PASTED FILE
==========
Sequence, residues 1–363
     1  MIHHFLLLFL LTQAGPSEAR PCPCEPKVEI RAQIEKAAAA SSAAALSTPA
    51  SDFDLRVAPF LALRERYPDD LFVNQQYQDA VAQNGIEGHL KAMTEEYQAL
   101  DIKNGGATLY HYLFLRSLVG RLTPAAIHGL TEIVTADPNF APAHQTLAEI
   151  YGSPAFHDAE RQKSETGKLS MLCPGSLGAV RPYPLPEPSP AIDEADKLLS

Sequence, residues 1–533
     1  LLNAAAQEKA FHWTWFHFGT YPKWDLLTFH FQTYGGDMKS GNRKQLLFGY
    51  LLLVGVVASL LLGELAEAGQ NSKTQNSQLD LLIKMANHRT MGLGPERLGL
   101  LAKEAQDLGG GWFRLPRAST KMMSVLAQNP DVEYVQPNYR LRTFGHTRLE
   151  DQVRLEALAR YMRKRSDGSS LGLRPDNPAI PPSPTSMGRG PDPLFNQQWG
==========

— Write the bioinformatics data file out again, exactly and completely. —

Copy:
Sequence, residues 1–363
     1  MIHHFLLLFL LTQAGPSEAR PCPCEPKVEI RAQIEKAAAA SSAAALSTPA
    51  SDFDLRVAPF LALRERYPDD LFVNQQYQDA VAQNGIEGHL KAMTEEYQAL
   101  DIKNGGATLY HYLFLRSLVG RLTPAAIHGL TEIVTADPNF APAHQTLAEI
   151  YGSPAFHDAE RQKSETGKLS MLCPGSLGAV RPYPLPEPSP AIDEADKLLS

Sequence, residues 1–533
     1  LLNAAAQEKA FHWTWFHFGT YPKWDLLTFH FQTYGGDMKS GNRKQLLFGY
    51  LLLVGVVASL LLGELAEAGQ NSKTQNSQLD LLIKMANHRT MGLGPERLGL
   101  LAKEAQDLGG GWFRLPRAST KMMSVLAQNP DVEYVQPNYR LRTFGHTRLE
   151  DQVRLEALAR YMRKRSDGSS LGLRPDNPAI PPSPTSMGRG PDPLFNQQWG